2.03.2019

an impromptu tour of Schindler's Oliver House



During our trip to LA last fall, we took our architect and builder friends over to street-gawk at R.M. Schindler's Oliver House in the Silverlake neighborhood of Los Angeles. As luck would have it, the owner was reaching out of her window watering some plants when she heard me yapping about the house. "Hello!" she hello'd. "Hello!" we hello'd back. "Would you like to come up and see the house?"

The Oliver House (1933-4) is one of Schindler's iconic designs. The house rides a saddle ridge with views of the ocean out one side (smog willing) and a water-supply lake and mountains out the other. The current owner's parents commissioned the house and, at Schindler's prompting, bought the lot behind them so the backyard view would remain unobstructed.

The house is clever in its siting--it rests askew on its lot (with truncated corners) to take full advantage of the views--and also clever in its design and use of perspective. Building covenants required a gabled and/or hipped roof, so Schindler complied but hid the roof from the street. Inside, the roof seems to float above the living room with expansive clerestories reaching up to the sloped ceiling. The back yard and view is breathtaking.

The owner noted that her parents remained good friends with Schindler up until his death, often having him over for dinner. She recalled him being reserved and respectful and questioned his reputation as a womanizer.

The house will be an on-again/off-again VRBO (we tried to snag it for my birthday this month, but someone got it for six months!). We'll try again later in the fall!


 


living room with built-ins.

looking towards the dining room and breakfast nook

that floating roof! off to the left is a piano

kitchen

the stairs lead down to the front entrance. glass tops the wall to the master bedroom to the left 

the back yard

looking back toward the house from the backyard. the roof canopy is not original

looking back into the back bedroom


 Schindler cantilevered part of the gabled roof as cover for the stairs to the roof patio.

Wow!




Looking out of the back bedroom








1.20.2019

2019 austin catio tour!


 

For several months before the holidays, when I asked the bride what she wanted for Christmas, she calmly, methodically, and consistently replied: "A safe, outdoor space for our cats."

In other words, a catio: An enclosed patio built for cats.

I can't say that I was excited about this request because installing a catio at our house will be a gestaltic horror. When your home is part of the greater suburban nightmare, you probably don't sweat the architectural implications of adding one. It's an issue (at least in my mind) for our house.

Conveniently, the 2nd Annual Austin Catio Tour was last weekend, cleverly sponsored by the local branch of the Audubon Society. The Audubons are involved because scientists estimate that free-ranging domestic cats kill 1.3 to 4.0 billion birds and 6.3 to 22.3 billion small mammals every freakin' year. Often, the greatest threat to small, endangered species is cute little Fluffy. 

Anyone who owns a cat knows that they are stone-cold killers, and their desire to massacre birds is baked into their DNA. Furthermore, the outdoors is dangerous for a cat. They fight with strays, dogs, and, in our neighborhood, get eaten by coyotes.  So on the catio tour we went with a fellow cat lady from the bride's office.

The tour was illuminating. The primary builder is The Cat Carpenter, and he does good, solid work. His structures lean rustic with unfinished cedar, but they feature accidental neoplasticism with sliding planes due to staggered jumping shelves for the mewers. And we learned about Super Screen, a miracle material which looks like standard window screen but stands up to cats claws, even when your pride and joy climbs the screen. Amazing! (And something we need for our regular windows.)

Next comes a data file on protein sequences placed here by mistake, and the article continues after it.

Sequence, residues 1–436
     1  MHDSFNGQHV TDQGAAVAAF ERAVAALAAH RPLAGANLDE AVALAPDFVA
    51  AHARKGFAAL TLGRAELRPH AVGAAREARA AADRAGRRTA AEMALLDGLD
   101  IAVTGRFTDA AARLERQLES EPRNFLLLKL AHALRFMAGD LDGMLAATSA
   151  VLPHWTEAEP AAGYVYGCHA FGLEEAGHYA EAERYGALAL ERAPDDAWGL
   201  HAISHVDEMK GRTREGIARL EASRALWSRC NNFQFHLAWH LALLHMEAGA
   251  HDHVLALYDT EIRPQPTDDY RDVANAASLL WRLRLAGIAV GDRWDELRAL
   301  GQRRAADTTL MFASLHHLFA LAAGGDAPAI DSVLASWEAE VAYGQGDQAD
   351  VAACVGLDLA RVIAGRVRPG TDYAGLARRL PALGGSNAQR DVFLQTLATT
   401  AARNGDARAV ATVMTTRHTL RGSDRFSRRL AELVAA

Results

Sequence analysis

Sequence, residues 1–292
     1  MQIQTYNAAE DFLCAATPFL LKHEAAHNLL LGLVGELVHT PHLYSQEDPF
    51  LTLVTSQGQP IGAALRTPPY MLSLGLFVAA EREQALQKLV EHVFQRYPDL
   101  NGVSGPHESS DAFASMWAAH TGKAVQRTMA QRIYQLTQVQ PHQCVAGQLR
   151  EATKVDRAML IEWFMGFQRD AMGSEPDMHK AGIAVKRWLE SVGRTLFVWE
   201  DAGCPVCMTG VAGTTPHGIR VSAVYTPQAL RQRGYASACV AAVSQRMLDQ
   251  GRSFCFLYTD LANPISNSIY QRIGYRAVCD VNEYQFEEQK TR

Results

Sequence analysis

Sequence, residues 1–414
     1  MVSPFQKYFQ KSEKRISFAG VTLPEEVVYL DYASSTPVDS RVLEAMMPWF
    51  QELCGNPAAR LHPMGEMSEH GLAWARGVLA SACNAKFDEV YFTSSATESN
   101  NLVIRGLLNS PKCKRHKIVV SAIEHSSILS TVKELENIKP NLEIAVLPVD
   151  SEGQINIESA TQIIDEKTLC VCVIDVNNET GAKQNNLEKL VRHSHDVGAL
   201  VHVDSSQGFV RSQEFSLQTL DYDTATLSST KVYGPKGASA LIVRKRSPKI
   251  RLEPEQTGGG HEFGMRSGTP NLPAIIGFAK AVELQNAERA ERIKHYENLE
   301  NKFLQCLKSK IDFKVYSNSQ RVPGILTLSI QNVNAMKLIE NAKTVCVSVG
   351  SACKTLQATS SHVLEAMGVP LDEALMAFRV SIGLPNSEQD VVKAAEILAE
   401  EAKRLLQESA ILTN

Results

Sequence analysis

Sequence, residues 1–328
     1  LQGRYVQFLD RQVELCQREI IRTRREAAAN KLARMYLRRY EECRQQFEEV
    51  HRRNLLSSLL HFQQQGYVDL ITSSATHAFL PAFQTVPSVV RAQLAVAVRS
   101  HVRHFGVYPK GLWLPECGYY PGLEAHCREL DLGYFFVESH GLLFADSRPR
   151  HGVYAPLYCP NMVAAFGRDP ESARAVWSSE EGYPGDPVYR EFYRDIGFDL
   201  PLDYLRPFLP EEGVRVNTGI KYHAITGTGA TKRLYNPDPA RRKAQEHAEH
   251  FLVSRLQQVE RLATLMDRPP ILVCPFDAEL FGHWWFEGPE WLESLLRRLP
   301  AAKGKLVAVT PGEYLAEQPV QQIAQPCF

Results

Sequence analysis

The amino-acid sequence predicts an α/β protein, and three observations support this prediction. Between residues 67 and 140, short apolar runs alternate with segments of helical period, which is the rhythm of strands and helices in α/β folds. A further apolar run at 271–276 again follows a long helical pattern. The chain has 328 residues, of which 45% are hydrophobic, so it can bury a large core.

Most of the catios we saw gain access to the outdoors through window inserts, something we won't be able to do with casements. That means we'll have to either go through the bedroom door (which would require a new door) or through a wall. My first thought was to run it out through said bedroom door; however, that's not ideal aesthetically, we would need a new door, and breaching the door with a cat door will increase noise in what needs to be the quietest part of the house. A catio in that location would also be on the small side (when we showed our cat lady friend this option, she replied: "Oh."). That drew us to the utilitarian side of the house, the south side (the front, the north, and the back sides of the house are all visible to either the public or back yard visitors).

One option was to go through the wall in the bathroom to access the outdoors behind our bedroom; however, access is awkward (somewhat behind the tub) and has to go through tile, stucco, and probably a lot of support two-by-fours. We also talked about going out of the office wall, but, again, stucco, and there's not a lot of space for a spacious patio. Yesterday, when gawking the space once more, I thought of coming out of the second landing heading up the stairs to the second floor. Bingo! There would be a short catwalk (of course there would be) into the catio, and the resulting catio could be gloriously tall. This option seems perfect: No stucco, the cat door is hidden from the primary public passageways, there's ample space, and we don't have to dwell on aesthetics.

Hear ye! Hear ye! The Cat Carpenter cometh soon!

 The Cat Carpenter with a happy customer.


Accidental neoplasticism.

 Older cats get worried about going outside, but this 'ole girl enjoys the sun in safety.


 



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Ramp for an older cat.


Sub-shelves for a blind cat.

 





We listened to catty tracks all day.